And so what he’s doing to do is – is he has a little roadblock up here that says, “Don’t go in here. Don’t go in because inside there - there are going to be what Dr. Saucy and I at the seminary we call deep beliefs about dad and deep desires about dad. And that’s painful stuff. That’s a mess. And all that has to happen in the environment is we just need a little stimulus. All someone has to do is say, dad. And all of a sudden, you know what happens in a moment? He thought he had the hatches buttoned down on that stuff. By the way this is the crap. He thought he had the hatches buttoned down. All someone has to do is say, dad. It’s out. He is conscientiously aware of it. And you know what he’s going to do? He’s going to try to stuff it right back in.

In psychology we call this defenses. You know what a defense is? Here’s what a defense is, just in case you’re interested. A defense is anything that you do to avoid painful self-awareness. It’s very simple, very simple. A defense in life is anything you do to avoid painful self-awareness. You know what one defense is? Defending yourself against criticism. Right? My wife comes and tells me something rather interesting about myself. “Oh, I don’t think so.” There it is. A defense. I will do anything I can to avoid painful self-awareness. Well this defense is one that we’ve used very much in our lives as children, it’s called repression. Just stuff it back in.

You know, I thank God for that in the Fall. Can you imagine what it would be like if you had to think and to dwell on everything that everyone has ever said to you or done to you? I mean, just go to a grammar school, right? That is the playground of all the pathology and sin in the world. Remember grammar school? “Hey, fatty. Hey, four eyes. Hey, stupid. Hey, you can’t play with us. You’re dumb. You can’t be with us.” Incredible. It’s incredible even that anyone survives. Well, it’s amazing we have this ability in the Fall. We can stuff all that. But here’s the thing about defenses. With every defense there’s a price tag. Every defense has a price tag because what’s in the heart, if it’s not dealt with, it can control us at any moment.

D. Things to Know about a Biblical Understanding of the Hidden Heart 

So here I want you to know some things about the hidden heart. So I have a list there. Now, I’m going to go through this list. These are things that I think you and I need to know about the hidden heart if we’re ever going to put off that stuff in the hidden heart. 

The first is this: There is always more that’s going on in the hidden heart than what is on the surface. In little Timmy’s heart there are all kinds of stuff about dad. There’s all kinds of stuff about mom. All kinds of stuff. And what psychologists tell us is that it’s usually the negative things we don’t want to be aware of. And so you know what that stuff is also? It’s not just the stuff of pain. This is stuff of pain, but this is also going to be our vices, our sins. The stuff in the heart. This is going to be worry. This is going to be envy. This is going to be jealousy. This is going to be excess anger. This is going to be the stuff that I don’t necessarily want to walk around. 

When I was 15, 16, 17, I didn’t want to walk around saying, “You know, let me look at my bad stuff.” And now I find even as a believer, I don’t want to walk around looking at that stuff all day. And this stuff becomes part of the hidden heart. There is a lot of stuff going on in here. And there may be little signs that we’ve said, “Don’t go in.” Because when you go in there, you feel guilty. You feel ashamed. You feel frustrated. So don’t ponder the bad. Don’t meditate upon your bad. I thank God, I guess, I don’t have think about it all the time. It’s not always in my face.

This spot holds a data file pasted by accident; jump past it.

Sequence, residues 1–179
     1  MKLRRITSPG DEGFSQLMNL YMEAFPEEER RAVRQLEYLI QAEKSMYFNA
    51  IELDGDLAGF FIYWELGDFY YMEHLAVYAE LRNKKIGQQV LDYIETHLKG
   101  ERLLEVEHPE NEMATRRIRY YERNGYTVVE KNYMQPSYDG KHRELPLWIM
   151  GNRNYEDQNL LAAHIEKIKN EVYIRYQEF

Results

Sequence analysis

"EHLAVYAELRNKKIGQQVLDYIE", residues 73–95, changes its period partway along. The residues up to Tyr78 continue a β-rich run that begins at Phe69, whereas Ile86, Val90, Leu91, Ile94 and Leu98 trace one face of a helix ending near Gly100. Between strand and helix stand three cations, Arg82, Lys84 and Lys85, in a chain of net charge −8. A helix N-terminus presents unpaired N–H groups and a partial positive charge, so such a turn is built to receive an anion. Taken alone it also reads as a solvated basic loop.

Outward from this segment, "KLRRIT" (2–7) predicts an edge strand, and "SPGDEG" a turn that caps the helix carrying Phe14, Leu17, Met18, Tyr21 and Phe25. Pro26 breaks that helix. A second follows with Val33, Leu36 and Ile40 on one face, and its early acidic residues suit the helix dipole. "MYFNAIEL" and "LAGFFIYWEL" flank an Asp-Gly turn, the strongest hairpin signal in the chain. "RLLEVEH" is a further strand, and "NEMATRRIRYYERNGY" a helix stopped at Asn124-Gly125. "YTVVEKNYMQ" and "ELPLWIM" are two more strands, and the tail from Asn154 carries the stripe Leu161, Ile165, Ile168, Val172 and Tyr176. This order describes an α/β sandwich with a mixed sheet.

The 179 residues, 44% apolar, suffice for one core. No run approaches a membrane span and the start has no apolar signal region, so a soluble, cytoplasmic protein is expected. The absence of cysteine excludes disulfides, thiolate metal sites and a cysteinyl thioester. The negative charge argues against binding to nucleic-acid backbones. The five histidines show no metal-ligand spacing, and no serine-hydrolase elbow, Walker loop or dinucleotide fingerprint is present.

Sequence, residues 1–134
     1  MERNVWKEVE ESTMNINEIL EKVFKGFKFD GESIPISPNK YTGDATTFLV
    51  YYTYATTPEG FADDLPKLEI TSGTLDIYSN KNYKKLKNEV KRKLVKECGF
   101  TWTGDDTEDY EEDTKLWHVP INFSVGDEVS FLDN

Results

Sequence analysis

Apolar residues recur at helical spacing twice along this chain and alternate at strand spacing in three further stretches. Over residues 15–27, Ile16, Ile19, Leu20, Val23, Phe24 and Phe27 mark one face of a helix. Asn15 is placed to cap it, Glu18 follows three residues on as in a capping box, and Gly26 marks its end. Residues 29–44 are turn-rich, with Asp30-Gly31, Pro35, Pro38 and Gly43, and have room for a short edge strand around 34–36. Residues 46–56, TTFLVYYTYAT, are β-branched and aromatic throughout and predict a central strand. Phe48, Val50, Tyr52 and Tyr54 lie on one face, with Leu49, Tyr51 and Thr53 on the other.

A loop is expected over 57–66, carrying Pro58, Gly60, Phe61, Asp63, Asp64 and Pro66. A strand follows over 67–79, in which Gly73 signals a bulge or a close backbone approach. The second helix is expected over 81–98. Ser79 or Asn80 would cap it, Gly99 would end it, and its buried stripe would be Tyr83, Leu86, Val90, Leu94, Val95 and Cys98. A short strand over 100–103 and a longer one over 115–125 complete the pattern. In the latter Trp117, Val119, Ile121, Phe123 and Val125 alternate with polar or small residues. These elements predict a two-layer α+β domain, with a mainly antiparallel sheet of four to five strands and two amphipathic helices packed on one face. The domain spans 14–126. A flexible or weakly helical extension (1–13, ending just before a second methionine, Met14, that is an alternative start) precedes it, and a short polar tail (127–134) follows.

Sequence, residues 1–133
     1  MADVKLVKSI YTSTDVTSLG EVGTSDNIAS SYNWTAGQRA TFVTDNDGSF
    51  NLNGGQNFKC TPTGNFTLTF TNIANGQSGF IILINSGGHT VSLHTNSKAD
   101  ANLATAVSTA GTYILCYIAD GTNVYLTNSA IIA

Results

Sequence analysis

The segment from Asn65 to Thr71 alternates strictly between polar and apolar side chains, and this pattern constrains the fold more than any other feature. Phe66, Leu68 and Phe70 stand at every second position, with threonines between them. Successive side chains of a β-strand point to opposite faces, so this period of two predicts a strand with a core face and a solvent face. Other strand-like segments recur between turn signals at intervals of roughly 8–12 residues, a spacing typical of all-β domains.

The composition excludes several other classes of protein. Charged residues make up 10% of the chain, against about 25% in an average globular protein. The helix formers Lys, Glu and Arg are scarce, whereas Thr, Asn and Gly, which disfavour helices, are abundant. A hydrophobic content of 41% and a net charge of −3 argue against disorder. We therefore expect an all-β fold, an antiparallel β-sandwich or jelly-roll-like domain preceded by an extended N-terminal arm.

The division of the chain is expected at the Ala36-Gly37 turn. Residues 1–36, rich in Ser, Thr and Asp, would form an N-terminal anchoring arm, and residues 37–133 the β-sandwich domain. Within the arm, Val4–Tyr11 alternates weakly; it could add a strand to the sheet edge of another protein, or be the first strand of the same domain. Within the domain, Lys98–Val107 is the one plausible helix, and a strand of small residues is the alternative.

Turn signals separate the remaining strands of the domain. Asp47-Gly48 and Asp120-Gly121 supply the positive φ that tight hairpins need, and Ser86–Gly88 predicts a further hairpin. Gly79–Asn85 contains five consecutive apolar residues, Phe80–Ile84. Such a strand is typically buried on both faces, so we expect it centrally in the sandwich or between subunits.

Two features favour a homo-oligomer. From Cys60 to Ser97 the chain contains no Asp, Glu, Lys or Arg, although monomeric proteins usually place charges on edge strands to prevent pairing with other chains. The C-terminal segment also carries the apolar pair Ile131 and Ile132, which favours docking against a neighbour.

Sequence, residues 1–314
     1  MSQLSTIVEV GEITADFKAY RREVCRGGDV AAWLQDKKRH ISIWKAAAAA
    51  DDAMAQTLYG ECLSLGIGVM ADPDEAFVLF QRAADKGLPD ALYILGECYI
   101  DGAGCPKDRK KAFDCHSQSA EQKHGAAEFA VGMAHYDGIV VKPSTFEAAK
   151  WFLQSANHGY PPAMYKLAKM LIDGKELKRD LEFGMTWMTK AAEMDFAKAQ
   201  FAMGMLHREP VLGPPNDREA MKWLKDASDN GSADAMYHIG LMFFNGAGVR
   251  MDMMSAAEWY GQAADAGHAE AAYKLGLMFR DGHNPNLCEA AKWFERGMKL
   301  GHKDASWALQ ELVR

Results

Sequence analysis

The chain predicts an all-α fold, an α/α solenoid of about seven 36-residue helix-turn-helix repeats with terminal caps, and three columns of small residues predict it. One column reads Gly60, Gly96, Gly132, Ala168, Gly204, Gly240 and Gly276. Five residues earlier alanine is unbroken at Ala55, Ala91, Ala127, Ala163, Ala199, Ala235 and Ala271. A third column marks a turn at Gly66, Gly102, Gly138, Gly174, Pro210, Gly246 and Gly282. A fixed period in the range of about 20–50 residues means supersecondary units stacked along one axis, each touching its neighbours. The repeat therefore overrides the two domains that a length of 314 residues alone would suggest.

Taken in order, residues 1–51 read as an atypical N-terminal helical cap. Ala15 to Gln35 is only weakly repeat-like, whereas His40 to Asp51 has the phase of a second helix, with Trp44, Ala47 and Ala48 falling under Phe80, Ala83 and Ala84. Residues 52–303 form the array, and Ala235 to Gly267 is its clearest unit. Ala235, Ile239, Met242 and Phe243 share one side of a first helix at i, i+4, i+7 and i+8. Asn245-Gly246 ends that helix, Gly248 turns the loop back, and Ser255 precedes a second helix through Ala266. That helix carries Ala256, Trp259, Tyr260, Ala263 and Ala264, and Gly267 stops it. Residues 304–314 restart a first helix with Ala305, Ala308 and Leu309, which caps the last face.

But here’s the second point: This is the rub. The degree to which you have a hidden heart, a degree to which there is stuff in that heart, whether pains or vices, sins of the heart, the degree to which you have a hidden heart of negative beliefs and feelings around these things that we have not dealt with is the degree to which we’re not in control of that material and it can control you. It controls you at a moment.

Now back to Timmy. Timmy – I don’t know now. I have not seen Timmy in a long time. I don’t know what’s going on here. But I do know this back then, if he hasn’t dealt with this, every time he hears the word dad, stuff’s coming out. He’s not in control of it. Do you know when kids have these kinds of experiences? When they go to movies and they see movies about a dad or a mom, you can imagine what a purgative experience this is for them. All kinds of stuff.

But now here’s the point for us. I want to say it’s going to be the same thing with all of what we might call the sins of the heart. It’s going to be the same thing with all the sins that we commit that have become now habits of our heart.

Here’s a picture. Here’s now I am this new creature with the Holy Spirit. But I can imagine a sin that I might have, and this is called worry. Not that I have that sin, of course, but it could be for you excess anger. Envy. Jealousy. Depression. You know what depression is? It’s anger turned inward. Now you’re just beating yourself up rather than somebody else. Whatever these vices are – I can imagine I might be teaching class. And all of a sudden at the end of the class I’m feeling fine. I’m singing songs to myself. I go home and Greta meets me at the door and Greta says, “John, something terrible has happened. You need to sit down.” Okay. Something’s going on in my heart now. There’s rumblings taking place. Now, when Greta was a little crazier than she is now, here’s what she might have said to me, “John, can you sit down?” And we begin to pray. And then she would start praying, “Oh Lord, help John be patient with me right now. This is going to be hard on him.” Oh boy. Oh God, just help John slow down and not be too angry. This is bad.” I’m ready to come out of my seat.